Understanding the Marketing Potential of Facebook
Believe it or not, there was a world before Facebook. In the 1950s, this gadget called television exploded throughout American culture. At first, there were black-and-white TVs, and then, toward the end of the decade, there were color TVs in every middle-class living room. As more consumers started watching TV instead of listening to the radio, marketers had to adopt their strategies to the new medium.
Successful ad executives and writers took the time to understand how TV fit within American culture. They researched how and why TV became a focal point for families at the end of each day (remember TV dinners?). They researched the ways men watched TV differently from women and which television shows kids preferred on Saturday morning.
Only after this research were they able to create successful TV advertisements. They learned to condense their messages to 30 seconds. They created ads with jingles that imitated popular TV themes and effectively placed their products within popular shows.
In the same way, today’s successful brands must understand how to best use Facebook to market their brands.
There’s a good chance that you’ve heard about how brands like Harley-Davidson and Nutella, as well as thousands of small businesses and nonprofits, are using Facebook to market their products and services.
Through a variety of strategies and tactics, these businesses are tapping into Facebook to achieve a variety of objectives:
- They’re increasing awareness of their brands through highly targeted Facebook Ads.
- They’re getting to know what their customers really want by having daily conversations with them.
- They’re launching new products and services with Facebook Pages and custom Facebook applications.
- They’re increasing new and repeat sales with coupons, group deals, and loyalty programs.
- They’re enhancing the native experience by using such innovations as Facebook Live and the extensive use of video.
Part of the reason why these businesses are successful is that they understand Facebook isn’t just a static website; it’s a way for people to connect and be heard.
Leveraging the power of word-of-mouth marketing with Facebook
Word of mouth is the most powerful way to market any business. In fact, many studies have shown that consumers are more likely to make purchase decisions based on recommendations from people they know than from a brand’s marketing materials. Each time a user likes, comments on, or shares content on Facebook, that action spreads to his network of friends. This is how “word of mouth” happens on Facebook.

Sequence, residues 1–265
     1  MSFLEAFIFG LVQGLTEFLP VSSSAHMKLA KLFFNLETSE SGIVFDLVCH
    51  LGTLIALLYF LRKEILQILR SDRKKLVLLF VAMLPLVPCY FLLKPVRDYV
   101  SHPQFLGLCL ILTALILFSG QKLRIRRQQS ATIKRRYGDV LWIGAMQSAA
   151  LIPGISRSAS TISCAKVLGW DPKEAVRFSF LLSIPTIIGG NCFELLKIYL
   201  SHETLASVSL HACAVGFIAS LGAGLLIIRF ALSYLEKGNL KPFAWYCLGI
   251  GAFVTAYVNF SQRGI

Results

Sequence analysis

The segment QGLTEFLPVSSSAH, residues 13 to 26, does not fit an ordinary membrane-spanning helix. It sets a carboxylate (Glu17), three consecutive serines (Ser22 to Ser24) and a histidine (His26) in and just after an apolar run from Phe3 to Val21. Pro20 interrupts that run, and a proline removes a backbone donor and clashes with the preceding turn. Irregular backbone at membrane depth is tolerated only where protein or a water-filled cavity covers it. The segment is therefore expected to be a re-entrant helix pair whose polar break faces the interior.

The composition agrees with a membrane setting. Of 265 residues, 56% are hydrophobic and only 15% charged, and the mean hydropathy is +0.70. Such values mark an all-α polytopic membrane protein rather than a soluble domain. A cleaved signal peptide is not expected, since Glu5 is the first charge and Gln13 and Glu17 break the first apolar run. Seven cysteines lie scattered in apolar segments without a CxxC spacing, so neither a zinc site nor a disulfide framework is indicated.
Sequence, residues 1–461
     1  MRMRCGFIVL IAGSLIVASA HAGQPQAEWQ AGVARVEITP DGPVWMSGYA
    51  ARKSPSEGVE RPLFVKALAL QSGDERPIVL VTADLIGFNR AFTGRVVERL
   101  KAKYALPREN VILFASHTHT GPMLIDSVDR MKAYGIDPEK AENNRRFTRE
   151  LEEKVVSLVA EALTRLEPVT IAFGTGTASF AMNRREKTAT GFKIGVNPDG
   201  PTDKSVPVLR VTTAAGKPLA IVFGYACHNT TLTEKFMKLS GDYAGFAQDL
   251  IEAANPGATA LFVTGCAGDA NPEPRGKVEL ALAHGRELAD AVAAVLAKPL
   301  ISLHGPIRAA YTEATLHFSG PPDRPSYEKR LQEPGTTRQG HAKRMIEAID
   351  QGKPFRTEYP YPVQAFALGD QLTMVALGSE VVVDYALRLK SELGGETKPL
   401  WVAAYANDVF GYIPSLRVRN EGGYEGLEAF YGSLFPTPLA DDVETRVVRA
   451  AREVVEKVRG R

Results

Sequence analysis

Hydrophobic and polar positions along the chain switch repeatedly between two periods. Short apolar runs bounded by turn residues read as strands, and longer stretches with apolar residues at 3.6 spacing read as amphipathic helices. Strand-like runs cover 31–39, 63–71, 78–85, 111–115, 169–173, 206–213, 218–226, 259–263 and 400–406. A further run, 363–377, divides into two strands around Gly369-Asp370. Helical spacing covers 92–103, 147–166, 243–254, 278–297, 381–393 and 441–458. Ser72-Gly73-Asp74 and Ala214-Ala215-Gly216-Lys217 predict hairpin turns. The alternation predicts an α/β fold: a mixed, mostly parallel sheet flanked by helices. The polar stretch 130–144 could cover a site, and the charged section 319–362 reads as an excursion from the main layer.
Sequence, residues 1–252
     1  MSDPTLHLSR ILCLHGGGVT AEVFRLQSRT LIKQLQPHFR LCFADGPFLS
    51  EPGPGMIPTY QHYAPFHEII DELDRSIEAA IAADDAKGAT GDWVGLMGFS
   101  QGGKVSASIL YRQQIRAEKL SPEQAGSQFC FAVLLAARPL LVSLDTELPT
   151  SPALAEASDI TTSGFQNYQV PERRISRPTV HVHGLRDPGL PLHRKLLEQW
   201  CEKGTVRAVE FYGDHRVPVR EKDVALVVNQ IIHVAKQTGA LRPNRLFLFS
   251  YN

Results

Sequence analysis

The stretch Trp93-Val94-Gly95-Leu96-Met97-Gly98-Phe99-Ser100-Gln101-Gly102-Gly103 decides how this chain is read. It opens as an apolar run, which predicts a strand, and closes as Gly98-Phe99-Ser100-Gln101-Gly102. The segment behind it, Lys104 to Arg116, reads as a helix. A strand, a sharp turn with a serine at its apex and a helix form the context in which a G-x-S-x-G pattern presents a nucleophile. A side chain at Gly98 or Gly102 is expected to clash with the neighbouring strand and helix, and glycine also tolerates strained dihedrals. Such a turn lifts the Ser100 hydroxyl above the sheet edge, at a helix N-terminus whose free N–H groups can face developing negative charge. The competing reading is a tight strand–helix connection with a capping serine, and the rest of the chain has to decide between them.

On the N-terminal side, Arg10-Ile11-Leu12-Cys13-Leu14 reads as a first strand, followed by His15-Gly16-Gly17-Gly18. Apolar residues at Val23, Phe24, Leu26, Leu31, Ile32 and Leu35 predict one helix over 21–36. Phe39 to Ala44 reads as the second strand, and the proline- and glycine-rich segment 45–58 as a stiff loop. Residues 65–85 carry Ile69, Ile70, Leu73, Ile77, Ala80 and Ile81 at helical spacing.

According to a Nielsen report in 2015, 83 percent of online users in 60 countries trust brand recommendations from friends and family. And this makes perfect sense.
Think about the last time you made a major purchase decision (a car, a TV, or even a contractor). Which influenced you more in that decision: an ad about that product or service, or the experience of a friend who purchased that product or service?
The most powerful aspect of Facebook is the deep ties among users. Large portions of friend networks are based on work relationships, family relationships, or other real-life relationships. Some marketers refer to these connections as strong ties, meaning that they go beyond the boundaries of Facebook. Such connections are in contrast to weak ties — online connections that lack stated common interests or goals.
Think about it this way: Would you be more influenced by the Facebook friend with whom you went to college or the Facebook friend who sent a friend request simply because she met you at a concert this past weekend?
When a Facebook user likes, comments on, or shares a piece of content you publish on your Facebook Page, many of that user’s friends can also see that content. And those friends essentially view those actions as digital word-of-mouth recommendations.
Using marketing tools for all kinds of businesses on Facebook
Facebook offers marketers several unique ways to interact with customers and prospects, including the following:
- Facebook Pages, Groups, and Events: These tools are free for any business and have the very same social features (including News Feeds; comments; and the capability to share links, photos, videos, and updates) that more than 2 billion people use to connect with their friends on Facebook. In other words, Facebook allows businesses to connect with customers in the same way that these customers connect with their friends. This business-is-personal paradigm has helped Facebook transform the way companies market themselves.
- Facebook Social Plugins for websites: Facebook offers several free plug-ins for websites that allow your website visitors to share your content with their Facebook friends. The Comments plug-in, for example, lets people comment on content on your site by using their Facebook profiles. When they do so, a story is generated in their friends’ News Feeds, exposing their friends to your website content.
- Facebook Ads: Facebook Ads, which can be purchased on a cost-per-click (CPC) or cost-per-impression (CPM) basis, are increasingly popular because they enable marketers to reach as narrow or as wide an audience as desired, often at a fraction of the cost of other online media outlets, such as Google Ads. And because Facebook members voluntarily provide information about their personal interests and relationships, Facebook has a wealth of information about its members that advertisers can easily tap. Additionally, Facebook partners with a few third-party consumer data companies such as Acxiom and DLX to provide information about purchasing behavior and income.